Spinal cord volume quantification and clinical application in multiple sclerosis

Tsagkas, Charidimos. Spinal cord volume quantification and clinical application in multiple sclerosis. 2019, Doctoral Thesis, University of Basel, Faculty of Medicine.


Official URL: http://edoc.unibas.ch/diss/DissB_13325

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Magnetic resonance imaging of the spinal cord is a valuable part of the diagnostic work-up in patients with multiple sclerosis and other neurological disorders. Currently, mainly signal intensity changes within the cord in MR-images are considered in the clinical management of disorders of the central nervous system. However, cross-sectional or longitudinal measurements of spinal cord volume may deliver additional valuable information. Hence, the overall goal of this doctoral thesis was twofold: i) to clinically validate methods for quantification of spinal cord volume and spinal cord compartments, which are suitable for longitudinal assessment of large patient cohorts and clinical practice and ii) to evaluate spinal cord volume as a potential valuable biomarker and provide new insights into the role of spinal cord damage in multiple sclerosis.
The first part focuses on the validation of quantification methods for spinal cord volume and includes two projects. While several MRI-based approaches of semi- and fully automatic techniques for volumetric spinal cord measurements have been proposed, up to now no gold standard exists and only a few methods have been validated and/or evaluated on patient follow-up scans to demonstrate their applicability in longitudinal settings. One of the latter segmentation methods was recently developed in-house and showed excellent reliability for cervical cord segmentation (Cordial, the cord image analyzer). In a first project, we extended its applicability to the lumbar cord, since no other software has been tested so far within this anatomical region of interest. On a well-selected dataset of 10 healthy controls (scanned in a scan-rescan fashion) we were able to show that - even within this technically challenging region - this segmentation algorithm provides excellent inter- and intra-session reproducibility showing high potential for application in longitudinal trials. In a second project, we aimed at obtaining volumetric information on particular compartments of the spinal cord such as the cord grey and white matter, since recent studies in multiple sclerosis provided evidence that measuring spinal cord grey matter volume changes may be a better biomarker for disease progression than quantifying cord white matter pathology or even volumetric brain measures. We therefore implemented a novel imaging approach, the averaged magnetization inversion recovery acquisitions sequence, for better grey and white matter visualization within the cord and scanned 24 healthy controls in a scan-rescan fashion. Further we applied an innovative fully automatic variational segmentation algorithm with a shape prior modified for 3D data with a slice similarity prior to segment the spinal cord grey and white matter. This pipeline allowed for highly accurate and reproducible grey and white matter segmentation within the cord. In view of its features, our automatic segmentation method seems promising for further application in both cross-sectional and longitudinal and in large multi-center studies.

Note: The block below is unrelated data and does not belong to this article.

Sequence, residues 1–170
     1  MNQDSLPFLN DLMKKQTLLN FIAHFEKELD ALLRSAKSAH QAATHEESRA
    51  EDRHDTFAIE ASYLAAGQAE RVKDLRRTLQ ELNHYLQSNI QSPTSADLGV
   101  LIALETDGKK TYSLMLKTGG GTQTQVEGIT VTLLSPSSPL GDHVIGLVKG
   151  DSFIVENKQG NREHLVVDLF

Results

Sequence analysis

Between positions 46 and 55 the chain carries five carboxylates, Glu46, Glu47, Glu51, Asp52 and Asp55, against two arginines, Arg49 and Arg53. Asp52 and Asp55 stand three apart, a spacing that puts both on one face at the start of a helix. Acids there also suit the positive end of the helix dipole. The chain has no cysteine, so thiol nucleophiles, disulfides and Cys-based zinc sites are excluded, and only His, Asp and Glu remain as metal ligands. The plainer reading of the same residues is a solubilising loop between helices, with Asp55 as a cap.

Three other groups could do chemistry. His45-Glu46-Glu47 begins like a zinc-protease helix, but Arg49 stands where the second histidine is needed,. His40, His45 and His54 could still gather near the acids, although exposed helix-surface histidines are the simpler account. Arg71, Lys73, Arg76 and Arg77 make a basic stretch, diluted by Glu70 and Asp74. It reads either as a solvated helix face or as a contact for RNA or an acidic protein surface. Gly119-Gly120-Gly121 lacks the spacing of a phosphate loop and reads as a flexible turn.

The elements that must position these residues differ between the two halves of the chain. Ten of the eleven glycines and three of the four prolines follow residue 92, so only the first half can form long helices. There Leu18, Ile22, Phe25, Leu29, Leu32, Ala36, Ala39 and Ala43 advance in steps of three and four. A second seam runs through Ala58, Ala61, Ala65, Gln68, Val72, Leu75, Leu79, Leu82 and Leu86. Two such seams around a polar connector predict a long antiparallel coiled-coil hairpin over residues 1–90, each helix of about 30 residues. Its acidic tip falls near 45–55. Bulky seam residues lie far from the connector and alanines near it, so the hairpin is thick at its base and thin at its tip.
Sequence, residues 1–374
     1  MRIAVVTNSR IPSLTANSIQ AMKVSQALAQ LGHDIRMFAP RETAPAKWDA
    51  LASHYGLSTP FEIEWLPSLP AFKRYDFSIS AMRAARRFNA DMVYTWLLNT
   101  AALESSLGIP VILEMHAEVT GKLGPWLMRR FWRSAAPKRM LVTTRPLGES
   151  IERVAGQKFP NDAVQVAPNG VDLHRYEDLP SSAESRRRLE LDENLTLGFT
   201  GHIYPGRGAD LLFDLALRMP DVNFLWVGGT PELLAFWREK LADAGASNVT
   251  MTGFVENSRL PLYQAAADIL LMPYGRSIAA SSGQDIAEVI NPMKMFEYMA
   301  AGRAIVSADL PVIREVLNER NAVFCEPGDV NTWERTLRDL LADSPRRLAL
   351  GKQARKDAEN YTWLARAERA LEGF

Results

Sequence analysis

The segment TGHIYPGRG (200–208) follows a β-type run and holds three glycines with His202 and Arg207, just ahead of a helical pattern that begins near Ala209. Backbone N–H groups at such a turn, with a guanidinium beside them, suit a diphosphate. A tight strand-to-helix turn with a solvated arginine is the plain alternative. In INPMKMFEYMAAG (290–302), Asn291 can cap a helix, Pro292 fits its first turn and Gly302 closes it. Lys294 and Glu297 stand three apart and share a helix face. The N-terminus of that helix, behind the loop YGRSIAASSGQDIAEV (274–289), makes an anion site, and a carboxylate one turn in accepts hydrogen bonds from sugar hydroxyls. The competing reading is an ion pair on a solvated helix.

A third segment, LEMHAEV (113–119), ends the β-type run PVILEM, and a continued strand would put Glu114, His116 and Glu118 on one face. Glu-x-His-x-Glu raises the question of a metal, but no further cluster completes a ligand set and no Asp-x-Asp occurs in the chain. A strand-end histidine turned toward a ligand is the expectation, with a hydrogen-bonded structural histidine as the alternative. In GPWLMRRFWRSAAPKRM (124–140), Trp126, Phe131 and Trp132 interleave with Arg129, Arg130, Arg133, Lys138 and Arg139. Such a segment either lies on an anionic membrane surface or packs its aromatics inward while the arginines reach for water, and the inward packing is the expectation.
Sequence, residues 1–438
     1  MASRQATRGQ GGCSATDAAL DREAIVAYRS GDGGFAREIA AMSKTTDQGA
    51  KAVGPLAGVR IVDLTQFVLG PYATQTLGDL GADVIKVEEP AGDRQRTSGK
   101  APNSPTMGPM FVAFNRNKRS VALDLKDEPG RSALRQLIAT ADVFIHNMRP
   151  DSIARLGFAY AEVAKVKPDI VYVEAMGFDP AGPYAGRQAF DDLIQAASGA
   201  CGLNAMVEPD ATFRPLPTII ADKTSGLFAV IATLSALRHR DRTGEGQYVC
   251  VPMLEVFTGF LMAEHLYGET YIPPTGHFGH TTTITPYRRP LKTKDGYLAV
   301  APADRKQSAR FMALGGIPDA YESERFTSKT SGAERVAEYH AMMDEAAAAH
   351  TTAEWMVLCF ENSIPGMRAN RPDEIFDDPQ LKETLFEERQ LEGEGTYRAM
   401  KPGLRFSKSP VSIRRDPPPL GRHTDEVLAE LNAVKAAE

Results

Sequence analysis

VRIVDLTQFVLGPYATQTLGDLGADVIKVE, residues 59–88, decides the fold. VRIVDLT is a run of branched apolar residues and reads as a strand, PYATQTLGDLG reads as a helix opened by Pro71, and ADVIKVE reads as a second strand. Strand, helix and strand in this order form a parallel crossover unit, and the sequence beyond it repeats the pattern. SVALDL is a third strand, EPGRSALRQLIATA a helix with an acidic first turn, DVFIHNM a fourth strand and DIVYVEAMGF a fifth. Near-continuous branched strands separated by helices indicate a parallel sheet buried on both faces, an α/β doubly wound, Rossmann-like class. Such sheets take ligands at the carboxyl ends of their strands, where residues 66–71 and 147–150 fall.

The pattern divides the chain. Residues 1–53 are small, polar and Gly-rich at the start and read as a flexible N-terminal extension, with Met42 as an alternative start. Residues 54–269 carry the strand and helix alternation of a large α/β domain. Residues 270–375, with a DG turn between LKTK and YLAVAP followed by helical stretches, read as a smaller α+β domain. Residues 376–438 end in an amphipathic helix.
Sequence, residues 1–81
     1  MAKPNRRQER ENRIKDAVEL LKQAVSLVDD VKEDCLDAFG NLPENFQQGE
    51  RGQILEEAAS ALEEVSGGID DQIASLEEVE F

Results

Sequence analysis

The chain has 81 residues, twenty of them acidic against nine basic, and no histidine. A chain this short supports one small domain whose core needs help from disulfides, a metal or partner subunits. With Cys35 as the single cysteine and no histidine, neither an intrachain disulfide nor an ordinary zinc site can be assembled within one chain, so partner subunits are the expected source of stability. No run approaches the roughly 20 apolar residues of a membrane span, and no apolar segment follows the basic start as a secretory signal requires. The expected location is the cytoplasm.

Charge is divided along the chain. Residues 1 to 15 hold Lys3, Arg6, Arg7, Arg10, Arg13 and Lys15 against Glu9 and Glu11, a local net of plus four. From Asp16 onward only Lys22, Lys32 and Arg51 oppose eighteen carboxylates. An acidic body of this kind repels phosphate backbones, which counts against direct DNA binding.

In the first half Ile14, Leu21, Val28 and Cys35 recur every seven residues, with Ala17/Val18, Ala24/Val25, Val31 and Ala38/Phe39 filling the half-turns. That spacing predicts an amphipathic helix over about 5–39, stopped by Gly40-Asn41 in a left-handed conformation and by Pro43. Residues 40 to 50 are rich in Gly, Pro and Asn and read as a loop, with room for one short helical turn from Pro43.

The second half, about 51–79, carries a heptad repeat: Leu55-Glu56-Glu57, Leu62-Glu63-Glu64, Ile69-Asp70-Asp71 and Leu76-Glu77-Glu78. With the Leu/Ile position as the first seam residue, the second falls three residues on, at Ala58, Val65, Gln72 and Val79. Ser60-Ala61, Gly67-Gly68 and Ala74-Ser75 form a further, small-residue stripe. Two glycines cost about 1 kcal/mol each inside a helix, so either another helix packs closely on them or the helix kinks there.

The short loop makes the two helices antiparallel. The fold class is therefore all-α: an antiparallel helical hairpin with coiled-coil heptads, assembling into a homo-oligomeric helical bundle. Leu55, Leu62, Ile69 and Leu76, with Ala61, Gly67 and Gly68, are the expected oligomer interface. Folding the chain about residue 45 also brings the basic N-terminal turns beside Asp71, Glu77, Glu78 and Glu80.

The second goal of this thesis was the clinical application of the above-mentioned methods for the evaluation of spinal cord volume changes as a potential biomarker in multiple sclerosis patients. For this purpose, we quantified spinal cord volume change in a large cohort of 243 multiple sclerosis patients, followed over a period of 6 years with annual clinical and MRI examinations. Spinal cord volume proved to be a strong predictor of physical disability and disease progression, indicating that it may be a suitable marker for monitoring disease activity and severity in all disease types but especially in progressive multiple sclerosis. Spinal cord volume also proved to be the only MRI metric to strongly explain the clinical progression over time as opposed to brain atrophy and lesion measures.
Advisors:Kappos, Ludwig and Cattin, Philippe and Parmar, Katrin and Wattjes, Mike Peter
Faculties and Departments:03 Faculty of Medicine > Bereich Medizinische Fächer (Klinik) > Neurologie > Neuroimmunologie (Kappos)
03 Faculty of Medicine > Departement Klinische Forschung > Bereich Medizinische Fächer (Klinik) > Neurologie > Neuroimmunologie (Kappos)
UniBasel Contributors:Kappos, Ludwig
Item Type:Thesis
Thesis Subtype:Doctoral Thesis
Thesis no:13325
Thesis status:Complete
Number of Pages:1 Online-Ressource (125 Seiten)
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edoc DOI:
Last Modified:19 Nov 2019 05:30
Deposited On:18 Nov 2019 13:45

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